June 28, 1961
The first public exhibition of JAPANESE CERAMICS from the collection of Captain and Mrs. Roger Gerry of Roslyn, Long Island will open at the Brooklyn Museum on June 28 where it may be seen in the Special Exhibition Galleries through September 4. In addition to 95 examples of pottery and porcelain dating from the 3rd millen[n]ium onward, a pair of 11th century screens and an 11th century wood sculpture of the Buddha will be shown from this collection which was assembled by Captain Gerry during his years of Naval Service In Japan.
One of the few private collections of Japanese ceramics in the United States, the Gerry Collection presents an unusually thorough survey of the history of porcelain in Japan. The polychromed export wares, popularly called “Imari”, which were exported during the seventeenth and eighteenth century in such quantity to Europe by the Dutch East India Company and so strongly influenced the growth of the Western ceramic industry, provide an interesting comparison with the fine examples of the major historic kilns of Kutani, Kakiemon, Nabeshima and other wares made to satisfy the Japanese taste.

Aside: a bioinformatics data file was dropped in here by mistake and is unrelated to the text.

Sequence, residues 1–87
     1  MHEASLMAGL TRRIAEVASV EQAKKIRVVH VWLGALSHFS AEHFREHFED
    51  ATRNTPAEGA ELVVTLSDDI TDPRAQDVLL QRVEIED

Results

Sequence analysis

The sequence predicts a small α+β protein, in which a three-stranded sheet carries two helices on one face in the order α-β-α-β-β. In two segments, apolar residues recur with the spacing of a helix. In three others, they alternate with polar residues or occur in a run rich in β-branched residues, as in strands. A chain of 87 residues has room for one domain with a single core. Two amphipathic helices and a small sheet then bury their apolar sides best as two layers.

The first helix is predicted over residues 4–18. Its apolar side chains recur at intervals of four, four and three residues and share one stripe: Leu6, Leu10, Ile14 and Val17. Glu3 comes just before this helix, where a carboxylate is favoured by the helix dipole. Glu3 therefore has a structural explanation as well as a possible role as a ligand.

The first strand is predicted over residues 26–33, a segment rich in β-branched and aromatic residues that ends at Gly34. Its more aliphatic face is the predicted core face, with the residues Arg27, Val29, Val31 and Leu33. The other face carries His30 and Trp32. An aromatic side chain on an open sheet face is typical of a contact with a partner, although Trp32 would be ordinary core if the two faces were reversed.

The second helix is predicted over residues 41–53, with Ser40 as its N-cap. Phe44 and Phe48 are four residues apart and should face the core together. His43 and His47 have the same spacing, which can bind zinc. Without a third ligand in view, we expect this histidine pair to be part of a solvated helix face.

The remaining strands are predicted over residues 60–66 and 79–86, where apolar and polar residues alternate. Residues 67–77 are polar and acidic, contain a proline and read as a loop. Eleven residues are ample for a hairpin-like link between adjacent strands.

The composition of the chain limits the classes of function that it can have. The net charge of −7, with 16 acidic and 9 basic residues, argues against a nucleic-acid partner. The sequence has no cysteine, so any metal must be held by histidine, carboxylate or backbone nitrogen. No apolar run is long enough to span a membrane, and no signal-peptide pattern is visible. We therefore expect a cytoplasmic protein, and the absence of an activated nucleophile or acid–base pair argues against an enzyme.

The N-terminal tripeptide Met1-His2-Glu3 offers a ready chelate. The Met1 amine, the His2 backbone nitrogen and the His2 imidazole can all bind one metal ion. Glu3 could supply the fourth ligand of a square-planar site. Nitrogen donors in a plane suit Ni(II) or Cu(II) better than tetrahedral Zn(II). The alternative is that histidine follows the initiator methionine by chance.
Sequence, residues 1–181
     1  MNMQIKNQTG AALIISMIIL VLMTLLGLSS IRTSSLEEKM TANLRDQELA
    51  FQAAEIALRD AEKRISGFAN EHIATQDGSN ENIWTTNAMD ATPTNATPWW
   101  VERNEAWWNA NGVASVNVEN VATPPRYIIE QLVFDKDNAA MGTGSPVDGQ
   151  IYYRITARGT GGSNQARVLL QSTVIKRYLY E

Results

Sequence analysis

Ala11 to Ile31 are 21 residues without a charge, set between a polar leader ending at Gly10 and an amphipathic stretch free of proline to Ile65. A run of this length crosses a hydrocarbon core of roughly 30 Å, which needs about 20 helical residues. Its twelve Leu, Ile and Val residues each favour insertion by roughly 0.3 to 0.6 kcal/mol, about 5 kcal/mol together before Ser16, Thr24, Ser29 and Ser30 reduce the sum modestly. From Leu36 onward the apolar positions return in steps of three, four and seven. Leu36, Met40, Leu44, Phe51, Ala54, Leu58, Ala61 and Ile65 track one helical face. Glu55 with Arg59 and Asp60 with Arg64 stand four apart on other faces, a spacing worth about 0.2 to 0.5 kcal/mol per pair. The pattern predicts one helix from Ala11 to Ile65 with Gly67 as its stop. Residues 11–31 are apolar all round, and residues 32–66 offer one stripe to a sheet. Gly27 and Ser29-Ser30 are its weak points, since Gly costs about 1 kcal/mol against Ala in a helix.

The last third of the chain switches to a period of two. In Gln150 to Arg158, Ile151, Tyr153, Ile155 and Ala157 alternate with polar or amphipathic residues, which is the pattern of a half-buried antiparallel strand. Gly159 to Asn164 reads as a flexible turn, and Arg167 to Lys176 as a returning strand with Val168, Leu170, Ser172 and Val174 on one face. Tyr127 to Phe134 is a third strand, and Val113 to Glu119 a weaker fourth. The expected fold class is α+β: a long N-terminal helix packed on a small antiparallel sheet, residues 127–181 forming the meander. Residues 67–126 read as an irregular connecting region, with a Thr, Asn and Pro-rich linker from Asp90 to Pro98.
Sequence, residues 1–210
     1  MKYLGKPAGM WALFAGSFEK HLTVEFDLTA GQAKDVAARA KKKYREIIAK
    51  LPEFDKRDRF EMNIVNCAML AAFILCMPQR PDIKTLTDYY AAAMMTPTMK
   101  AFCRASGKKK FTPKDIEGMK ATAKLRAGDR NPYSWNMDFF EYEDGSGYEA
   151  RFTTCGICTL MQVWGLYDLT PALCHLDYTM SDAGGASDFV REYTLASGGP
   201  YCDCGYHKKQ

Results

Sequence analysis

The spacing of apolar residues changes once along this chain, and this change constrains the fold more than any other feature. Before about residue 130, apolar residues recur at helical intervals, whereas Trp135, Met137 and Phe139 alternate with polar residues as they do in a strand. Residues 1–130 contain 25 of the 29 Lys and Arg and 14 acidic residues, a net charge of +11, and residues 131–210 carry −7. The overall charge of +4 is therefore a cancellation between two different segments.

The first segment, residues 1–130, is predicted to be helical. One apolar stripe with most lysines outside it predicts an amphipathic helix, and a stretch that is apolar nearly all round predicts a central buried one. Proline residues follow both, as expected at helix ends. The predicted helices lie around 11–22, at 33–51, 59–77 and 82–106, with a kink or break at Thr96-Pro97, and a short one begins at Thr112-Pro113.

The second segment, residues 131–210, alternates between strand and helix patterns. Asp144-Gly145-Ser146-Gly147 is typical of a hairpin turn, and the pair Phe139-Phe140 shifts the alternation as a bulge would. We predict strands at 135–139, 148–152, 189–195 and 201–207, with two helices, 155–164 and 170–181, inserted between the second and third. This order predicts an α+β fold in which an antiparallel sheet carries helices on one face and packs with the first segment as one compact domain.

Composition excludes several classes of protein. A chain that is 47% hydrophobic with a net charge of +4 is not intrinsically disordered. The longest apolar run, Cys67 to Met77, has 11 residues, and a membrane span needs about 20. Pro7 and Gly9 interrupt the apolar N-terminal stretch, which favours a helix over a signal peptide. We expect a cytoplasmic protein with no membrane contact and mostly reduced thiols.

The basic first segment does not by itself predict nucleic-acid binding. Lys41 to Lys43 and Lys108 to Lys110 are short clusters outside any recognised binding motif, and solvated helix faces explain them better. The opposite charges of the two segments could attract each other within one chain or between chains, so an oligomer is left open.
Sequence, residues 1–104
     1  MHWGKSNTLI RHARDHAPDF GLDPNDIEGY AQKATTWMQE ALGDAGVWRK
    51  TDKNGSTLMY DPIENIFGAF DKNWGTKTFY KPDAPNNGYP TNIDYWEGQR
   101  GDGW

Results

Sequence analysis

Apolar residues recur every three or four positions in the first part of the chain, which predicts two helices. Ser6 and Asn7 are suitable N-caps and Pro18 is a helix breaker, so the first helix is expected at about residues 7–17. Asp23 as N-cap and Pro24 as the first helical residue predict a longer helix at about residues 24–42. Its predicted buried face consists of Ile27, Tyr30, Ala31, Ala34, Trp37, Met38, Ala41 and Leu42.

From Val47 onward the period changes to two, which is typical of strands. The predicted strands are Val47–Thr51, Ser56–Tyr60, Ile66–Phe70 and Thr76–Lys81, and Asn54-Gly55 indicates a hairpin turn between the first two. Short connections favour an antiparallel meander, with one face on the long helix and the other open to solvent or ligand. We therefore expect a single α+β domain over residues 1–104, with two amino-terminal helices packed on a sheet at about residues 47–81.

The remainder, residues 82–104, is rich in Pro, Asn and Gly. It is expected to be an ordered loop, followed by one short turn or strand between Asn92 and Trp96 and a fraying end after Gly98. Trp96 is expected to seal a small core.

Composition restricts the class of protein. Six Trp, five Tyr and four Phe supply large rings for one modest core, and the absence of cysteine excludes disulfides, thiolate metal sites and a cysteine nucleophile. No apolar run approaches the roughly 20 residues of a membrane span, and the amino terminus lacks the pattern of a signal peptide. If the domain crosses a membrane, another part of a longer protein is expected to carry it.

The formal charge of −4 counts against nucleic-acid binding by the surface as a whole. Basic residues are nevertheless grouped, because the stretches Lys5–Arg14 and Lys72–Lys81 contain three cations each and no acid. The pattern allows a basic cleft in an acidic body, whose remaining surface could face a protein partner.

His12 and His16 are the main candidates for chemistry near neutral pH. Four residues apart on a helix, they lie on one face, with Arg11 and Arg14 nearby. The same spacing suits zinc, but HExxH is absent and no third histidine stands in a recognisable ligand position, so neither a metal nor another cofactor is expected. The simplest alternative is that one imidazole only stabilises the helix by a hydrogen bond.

While porcelain predominates, examples of pottery and stoneware made before the introduction of porcelain in the early 17th century are well represented. A large storage jar dating from the neolithic, or Joman, period and the fragment of a haniwa in the form of a strongly modelled horse’s head from the 5th century A.D. are outstanding examples from the pre-Budhhist period. Haniwa are clay cylinders, often terminating in sculptural representations of people, animals and everyday objects, which were placed around the great burial mounds of the period. The earliest ash-glazed pottery, first produced accidentally during the 5th century is well represented, and the technical developments which made possible the great achievements of the Momoyama Period (1568-1615) are clearly outlined. The production of utensils for the tea ceremony dominated the ceramic industry at this period, and the wares of the Oribe, Shino and Karatsu factories readily betray the influence of Zen Buddhist philosophy in their carefully controlled irregularities of shape, texture and decoration which reflect the unexpected and the constant flux In nature.
Mrs. Andrée Cooney of the Museum’s Oriental Art Department summed up the Gerry Collection as an “excellent chronicle of the history of Japanese ceramics which includes many fine pieces and several exceptionally interesting examples of ‘special order’ work done for private individuals.” Among the pieces of this type e[s]pecially noted by Mrs. Cooney are a shaving bowl from the early 18th century with Delft-type decoration and a pair of medicine bottles with the initials JVH which were probably made for Johann Van Hoorn who became Governor-General of the Dutch East Indies in 1704.
There will be a Brooklyn Museum Members’ preview of this major Exhibition on Monday evening, June 26 from 8:30 to 11:00 p.m.
Brooklyn Museum Archives. Records of the Department of Public Information. Press releases, 1953 - 1970. 1961, 025-26. View Original